While I was studying for accounting exams I saw a very interesting advertisement in the papers mentioning about a ‘Challenging Career’. It was from the Sri Lanka Navy and at that moment, I knew that’s what I wanted to do. At the time I joined the Navy, there was a terrible war in Sri Lanka. Your parents would’ve been young then and some of them may have shared stories about this, with you. And, parents if you haven’t, it is important that you enlighten your children on this as it is part of the modern history of Sri Lanka.

Joining the Navy was not only about fighting a war at sea. It certainly was hard work. We had a lot of studying to do and as a result we learned not only about our country but the world around us, plus technical and other subject matter. In the midst of fighting a war I also obtained a Master’s Degree in Defence Studies from the University of Kelaniya, through the Army Command and Staff College. Most importantly we were able to develop ourselves personally. The discipline, commitment, determination, courage, enthusiasm, loyalty, integrity, keen to do best, and above all be a good leader, which we developed.

Having had all these qualities, if you didn’t Manage Time, would be of no use. You need to schedule your work and your daily routine according to a time table, and manage yourself against time without waiting for your parents to come and do things for you. All of these, which are good habits, which I learned at the College was further enhanced and practised in the Navy.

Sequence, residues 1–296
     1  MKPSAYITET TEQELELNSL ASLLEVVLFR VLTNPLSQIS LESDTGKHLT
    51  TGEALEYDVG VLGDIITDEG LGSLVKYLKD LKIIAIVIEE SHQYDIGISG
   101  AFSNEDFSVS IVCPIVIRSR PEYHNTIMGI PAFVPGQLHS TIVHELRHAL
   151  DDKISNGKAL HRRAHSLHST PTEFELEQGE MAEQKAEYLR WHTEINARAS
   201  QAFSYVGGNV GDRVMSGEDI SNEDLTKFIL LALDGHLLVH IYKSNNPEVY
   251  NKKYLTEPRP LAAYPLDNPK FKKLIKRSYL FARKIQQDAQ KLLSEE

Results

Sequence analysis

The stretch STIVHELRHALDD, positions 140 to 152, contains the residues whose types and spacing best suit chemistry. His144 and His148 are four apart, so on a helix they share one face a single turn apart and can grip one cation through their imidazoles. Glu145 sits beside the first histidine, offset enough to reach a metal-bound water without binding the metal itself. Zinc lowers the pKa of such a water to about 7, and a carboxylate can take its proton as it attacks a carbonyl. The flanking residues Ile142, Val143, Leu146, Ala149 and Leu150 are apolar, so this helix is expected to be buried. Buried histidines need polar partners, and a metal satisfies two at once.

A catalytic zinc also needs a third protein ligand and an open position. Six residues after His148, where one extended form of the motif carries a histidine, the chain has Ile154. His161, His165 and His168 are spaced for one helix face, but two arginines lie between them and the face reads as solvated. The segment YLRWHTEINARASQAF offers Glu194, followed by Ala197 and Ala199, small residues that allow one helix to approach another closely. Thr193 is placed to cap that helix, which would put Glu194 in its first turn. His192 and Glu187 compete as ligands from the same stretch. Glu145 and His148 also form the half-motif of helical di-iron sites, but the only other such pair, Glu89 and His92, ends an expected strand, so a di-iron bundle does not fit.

Lads, you know that to be first in your class you have to work very hard. If you do well your parents will reward you with something special. I too studied hard and did my exams well, and the Navy rewarded me with an opportunity to undergo further training in England, at the prestigious, Britannia Royal Naval College, Dartmouth, as a Midshipman, which is a dream for all young officers. There is a famous saying “Join the Navy and see the world”. I was lucky enough to visit more than 20 countries, and sail in most of the oceans. During my career in the Navy for actively and courageously fighting the sea tigers, on board Fast Attack Craft and Fast Gunboats, I was awarded, Rana Wickrema Padakkama and Rana Sura Padakkama, by the President of Sri Lanka, for voluntary bravery in the face of the enemy.

Dear Lads, My wife and I, take pleasure, in congratulating all those who participated in this sports meet. As we all know, there is only one winner, with the second and third following. It doesn’t matter if you win or lose; it is how you played the game. The tiring days of practices and missing classes and avoiding homework because you were tired, showed results today.

It was all about working together as a team, and being committed and determined to do your best. These valuable lessons which have been instilled in you by our wonderful school have also brought me to, where I am today. Thank you very much for patient listening. And…..I wish you all the very best in your future endeavours. ‘May you sail in the ship of ambitions and anchor in the harbour of success’.

May God Bless you.